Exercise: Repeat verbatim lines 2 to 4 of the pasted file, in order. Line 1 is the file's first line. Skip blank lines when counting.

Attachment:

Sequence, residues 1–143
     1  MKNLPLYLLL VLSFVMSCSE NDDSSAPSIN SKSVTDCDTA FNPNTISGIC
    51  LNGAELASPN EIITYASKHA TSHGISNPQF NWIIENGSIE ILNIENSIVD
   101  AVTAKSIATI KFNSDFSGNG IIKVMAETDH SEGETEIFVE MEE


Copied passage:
     1  MKNLPLYLLL VLSFVMSCSE NDDSSAPSIN SKSVTDCDTA FNPNTISGIC
    51  LNGAELASPN EIITYASKHA TSHGISNPQF NWIIENGSIE ILNIENSIVD
   101  AVTAKSIATI KFNSDFSGNG IIKVMAETDH SEGETEIFVE MEE